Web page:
We crave to know more about the behaviors that are good or bad for us. But we will never find this answer because it doesn’t exist.
There is no way to enact specific action-based behaviors and create healing results. Instead, it is only through understanding that the thoughts and intentions driving our actions are creating, or not creating, healing results in our life.
Crying is a great example because crying can be liberating, vulnerable, empowering and cathartic.
But, crying can also be a form of wallowing, feeling like a victim, dwelling in the past, and even being manipulative.
Therefore, the question we need to explore is, “Can I use the self-awareness skill of mindfulness to determine within myself what my own motivation and intentions are behind an action?”
Let’s look at an example of this:
Let’s say we have a memory of an earlier time in our life that is painful to us. Perhaps whenever we think about this memory, tears well up in our eyes, our lower lip becomes shaky, and we feel ourselves turning into a hot mess of sweat and tears.
We all know this feeling. And it is beautiful and brave to let this motion of vulnerability and expression flow through us and out of us.
But if we want our tears to be ones of transformation, growth, and healing, then we need to apply the next step, and that is to pay attention to what our mind is doing.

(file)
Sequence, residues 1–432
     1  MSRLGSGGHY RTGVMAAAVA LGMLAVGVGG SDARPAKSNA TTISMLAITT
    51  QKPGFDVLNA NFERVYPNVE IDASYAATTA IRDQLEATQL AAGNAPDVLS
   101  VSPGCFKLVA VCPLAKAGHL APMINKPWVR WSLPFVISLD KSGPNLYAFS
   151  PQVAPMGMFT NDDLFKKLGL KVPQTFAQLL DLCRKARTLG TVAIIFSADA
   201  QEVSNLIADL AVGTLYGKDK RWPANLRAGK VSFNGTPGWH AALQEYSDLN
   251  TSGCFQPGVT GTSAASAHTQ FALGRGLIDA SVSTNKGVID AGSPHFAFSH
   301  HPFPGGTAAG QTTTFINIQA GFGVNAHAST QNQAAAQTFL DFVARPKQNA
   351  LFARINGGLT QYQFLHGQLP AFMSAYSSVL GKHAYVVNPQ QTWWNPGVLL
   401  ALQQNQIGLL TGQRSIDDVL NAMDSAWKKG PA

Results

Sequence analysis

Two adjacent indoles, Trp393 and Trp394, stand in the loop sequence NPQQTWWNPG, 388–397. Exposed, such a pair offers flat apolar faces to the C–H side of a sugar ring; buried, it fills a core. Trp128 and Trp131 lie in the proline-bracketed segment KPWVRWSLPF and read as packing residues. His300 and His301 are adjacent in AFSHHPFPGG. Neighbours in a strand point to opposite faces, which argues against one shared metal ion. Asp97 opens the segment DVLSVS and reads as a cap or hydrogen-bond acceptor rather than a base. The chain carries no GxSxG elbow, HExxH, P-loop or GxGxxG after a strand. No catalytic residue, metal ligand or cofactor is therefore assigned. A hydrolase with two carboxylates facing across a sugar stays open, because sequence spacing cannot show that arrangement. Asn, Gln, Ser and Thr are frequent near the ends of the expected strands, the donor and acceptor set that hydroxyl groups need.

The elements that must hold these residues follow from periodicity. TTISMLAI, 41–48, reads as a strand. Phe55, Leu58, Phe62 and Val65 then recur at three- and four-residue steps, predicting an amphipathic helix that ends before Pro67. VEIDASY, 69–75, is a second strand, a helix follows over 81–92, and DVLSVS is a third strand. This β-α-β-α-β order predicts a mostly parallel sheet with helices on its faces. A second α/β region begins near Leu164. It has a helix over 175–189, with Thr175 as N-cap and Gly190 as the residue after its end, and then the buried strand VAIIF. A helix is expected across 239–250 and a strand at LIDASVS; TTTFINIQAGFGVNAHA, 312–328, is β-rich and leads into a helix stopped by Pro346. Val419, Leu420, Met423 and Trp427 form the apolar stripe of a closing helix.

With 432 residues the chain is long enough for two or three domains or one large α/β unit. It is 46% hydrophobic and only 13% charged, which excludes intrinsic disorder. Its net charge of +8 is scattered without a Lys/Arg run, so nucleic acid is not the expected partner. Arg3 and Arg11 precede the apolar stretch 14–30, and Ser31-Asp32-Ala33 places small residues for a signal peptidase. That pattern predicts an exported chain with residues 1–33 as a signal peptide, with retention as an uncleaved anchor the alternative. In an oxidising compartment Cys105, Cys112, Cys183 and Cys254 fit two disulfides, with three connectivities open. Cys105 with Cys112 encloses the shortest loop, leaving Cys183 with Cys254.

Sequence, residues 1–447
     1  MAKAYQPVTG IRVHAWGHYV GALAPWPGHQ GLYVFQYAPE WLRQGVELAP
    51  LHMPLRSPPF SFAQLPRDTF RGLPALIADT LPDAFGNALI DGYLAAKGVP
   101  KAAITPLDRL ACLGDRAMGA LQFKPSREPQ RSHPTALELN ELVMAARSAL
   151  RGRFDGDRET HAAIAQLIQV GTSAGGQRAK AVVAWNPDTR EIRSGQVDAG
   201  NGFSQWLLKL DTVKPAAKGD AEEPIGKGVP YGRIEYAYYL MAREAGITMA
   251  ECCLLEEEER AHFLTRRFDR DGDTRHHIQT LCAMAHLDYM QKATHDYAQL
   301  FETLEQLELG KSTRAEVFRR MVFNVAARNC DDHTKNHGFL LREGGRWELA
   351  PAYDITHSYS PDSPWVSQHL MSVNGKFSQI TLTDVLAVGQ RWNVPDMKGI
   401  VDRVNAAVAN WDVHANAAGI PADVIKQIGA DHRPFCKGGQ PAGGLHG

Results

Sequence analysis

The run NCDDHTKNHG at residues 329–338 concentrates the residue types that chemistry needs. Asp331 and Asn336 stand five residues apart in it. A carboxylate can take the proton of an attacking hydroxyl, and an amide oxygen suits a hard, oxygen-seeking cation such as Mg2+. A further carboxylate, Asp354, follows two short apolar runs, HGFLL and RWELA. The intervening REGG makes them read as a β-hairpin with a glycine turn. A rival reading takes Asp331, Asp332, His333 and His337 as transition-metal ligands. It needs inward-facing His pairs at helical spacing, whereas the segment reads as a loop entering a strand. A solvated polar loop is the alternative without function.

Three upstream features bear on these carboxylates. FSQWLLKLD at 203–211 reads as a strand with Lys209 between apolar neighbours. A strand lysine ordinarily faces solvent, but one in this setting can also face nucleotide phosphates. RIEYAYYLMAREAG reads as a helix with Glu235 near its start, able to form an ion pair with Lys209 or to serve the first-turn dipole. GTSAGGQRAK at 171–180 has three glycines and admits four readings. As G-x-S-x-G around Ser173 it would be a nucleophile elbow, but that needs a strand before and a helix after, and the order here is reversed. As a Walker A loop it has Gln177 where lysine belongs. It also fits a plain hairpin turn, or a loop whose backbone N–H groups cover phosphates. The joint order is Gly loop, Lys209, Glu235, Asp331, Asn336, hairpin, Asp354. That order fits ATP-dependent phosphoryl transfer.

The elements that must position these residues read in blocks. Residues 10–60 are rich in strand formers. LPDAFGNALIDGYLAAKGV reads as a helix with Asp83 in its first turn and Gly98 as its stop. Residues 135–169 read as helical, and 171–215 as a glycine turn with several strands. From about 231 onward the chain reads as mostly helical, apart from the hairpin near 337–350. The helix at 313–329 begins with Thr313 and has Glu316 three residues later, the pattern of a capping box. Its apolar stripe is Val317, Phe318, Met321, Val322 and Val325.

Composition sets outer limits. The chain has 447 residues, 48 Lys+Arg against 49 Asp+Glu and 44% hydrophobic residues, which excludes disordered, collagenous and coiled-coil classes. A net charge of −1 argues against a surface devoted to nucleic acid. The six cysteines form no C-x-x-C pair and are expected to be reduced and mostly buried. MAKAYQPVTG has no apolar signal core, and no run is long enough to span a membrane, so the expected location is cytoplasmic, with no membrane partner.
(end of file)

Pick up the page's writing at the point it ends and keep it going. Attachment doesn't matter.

If our mind is thinking, “Poor me, my life is so bad, nothing ever works out for me, and I am obviously a crummy person,” as the tears are flowing, then we might actually be causing harm to our own being.
Those thoughts of victim-hood as we cry and feel the intensity of our pain have a way of deepening the grooves of the suffering and solidifying the hurt and trauma even more.
This is where mindfulness can help.
The way I facilitate mindfulness is to encourage people to ask themselves two questions at any given moment:
Where is my attention now?
Where do I want my attention?
Even when we are crying and feeling the hurt, we can still access these two essential questions of mindfulness. We can notice that our attention might be feeling sorry for ourselves, or blaming another person.
When we ask ourselves if this is where we want our attention to go, if we get the “no” answer, then we can make the mindful choice to change where our attention is and move it to thoughts that will make our crying a healing experience.
Here are some examples of healing thoughts while we are crying:
I am grateful for the opportunity to heal and clear this pain through tears.
I love myself and am committed to healing this pain.
I feel compassion for myself for the pain I have experienced.
When we apply these kind thoughts to ourselves as we cry, then we heal. When we accept ourselves exactly as we are and allow our entire realm of experience to be present, then we are able to become free.
And if that isn’t spiritual and human liberation, then I don’t know what is.